Many studies have shown that when it comes to simply getting an interview for a job, individuals who happen to have “African-American sounding” names are far less likely to be called for an interview than those with names that sound Anglo. When a person searching for work has a name that is perceived to be “white,” it is reported that they typically hear back from about one out of every ten companies with which they have applied. When looking at the same studies among job-seekers with names that “sound black,” those individuals only get a call from an average of one in every fifteen prospective employers.

Once a person has been hired, there is the question of money. Statistically speaking, a person of color will be paid far less money than a white colleague at the starting level for the same position at the same company. With all of the studies that have been conducted, you would think that it is easy to make a valid legal case for racial discrimination. However, it can prove to be quite difficult. It is discouraging for anyone to think about filing a legal claim for race discrimination in the workplace when they consider that just slightly over one percent of these claims have resulted in financial compensation for the victim. With the help of a knowledgeable Los Angeles race discrimination attorney, however, wrongfully terminated employees, current employees, and prospective employees alike may seek and attain compensation for the abuses they have suffered.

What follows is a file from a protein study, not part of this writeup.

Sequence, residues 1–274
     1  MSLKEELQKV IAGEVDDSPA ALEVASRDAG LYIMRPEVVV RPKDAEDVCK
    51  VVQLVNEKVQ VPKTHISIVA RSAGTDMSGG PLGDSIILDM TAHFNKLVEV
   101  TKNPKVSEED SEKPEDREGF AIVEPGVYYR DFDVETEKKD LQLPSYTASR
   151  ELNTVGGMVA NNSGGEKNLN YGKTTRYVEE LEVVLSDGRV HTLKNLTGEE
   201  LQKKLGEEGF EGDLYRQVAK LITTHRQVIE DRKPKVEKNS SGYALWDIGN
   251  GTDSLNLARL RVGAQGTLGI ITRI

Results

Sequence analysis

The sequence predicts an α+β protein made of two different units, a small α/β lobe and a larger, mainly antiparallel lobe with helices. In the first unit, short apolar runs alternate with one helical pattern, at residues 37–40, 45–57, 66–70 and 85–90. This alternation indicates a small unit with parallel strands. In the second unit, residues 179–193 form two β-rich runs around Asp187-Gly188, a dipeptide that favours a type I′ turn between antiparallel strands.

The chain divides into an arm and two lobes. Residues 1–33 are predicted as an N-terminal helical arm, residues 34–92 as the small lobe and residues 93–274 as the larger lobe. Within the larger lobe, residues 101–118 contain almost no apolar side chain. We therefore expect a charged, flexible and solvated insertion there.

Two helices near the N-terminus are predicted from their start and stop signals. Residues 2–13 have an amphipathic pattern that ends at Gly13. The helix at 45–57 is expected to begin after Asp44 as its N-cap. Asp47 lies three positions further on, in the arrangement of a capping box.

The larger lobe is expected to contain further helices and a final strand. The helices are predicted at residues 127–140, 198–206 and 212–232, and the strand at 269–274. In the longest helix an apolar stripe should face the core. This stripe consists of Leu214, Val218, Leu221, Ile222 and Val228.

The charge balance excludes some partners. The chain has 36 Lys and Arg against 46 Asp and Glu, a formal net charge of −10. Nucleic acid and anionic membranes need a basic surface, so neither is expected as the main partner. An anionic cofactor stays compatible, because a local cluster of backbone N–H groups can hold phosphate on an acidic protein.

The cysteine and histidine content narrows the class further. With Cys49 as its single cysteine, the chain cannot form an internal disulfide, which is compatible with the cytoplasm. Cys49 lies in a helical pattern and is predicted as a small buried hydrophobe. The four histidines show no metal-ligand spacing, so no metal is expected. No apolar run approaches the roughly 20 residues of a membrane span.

Frequently Asked Questions About Racial Discrimination

  • What should I do if I am facing racial discrimination?The first step in proving your case is to keep a detailed record of any and all examples of racial discrimination that you see in your workplace. Report these events to your employer by whatever means they have in place to handle discrimination. Consult a Los Angeles race discrimination attorney if there is no way to report the incidents or if nothing is done about them.
  • Do racist actions need to be blatant, or can they be subtle?There are, in fact, subtle ways that an individual may be discriminated against in the workplace. Back-handed praise, comments, and “compliments” can be signs of discrimination. Another example is being treated differently due to the skin color of your spouse or partner and even the people you hang out with. Being made to feel uncomfortable for displaying a photo of your spouse on your desk, due to their race, for example, can be discriminatory.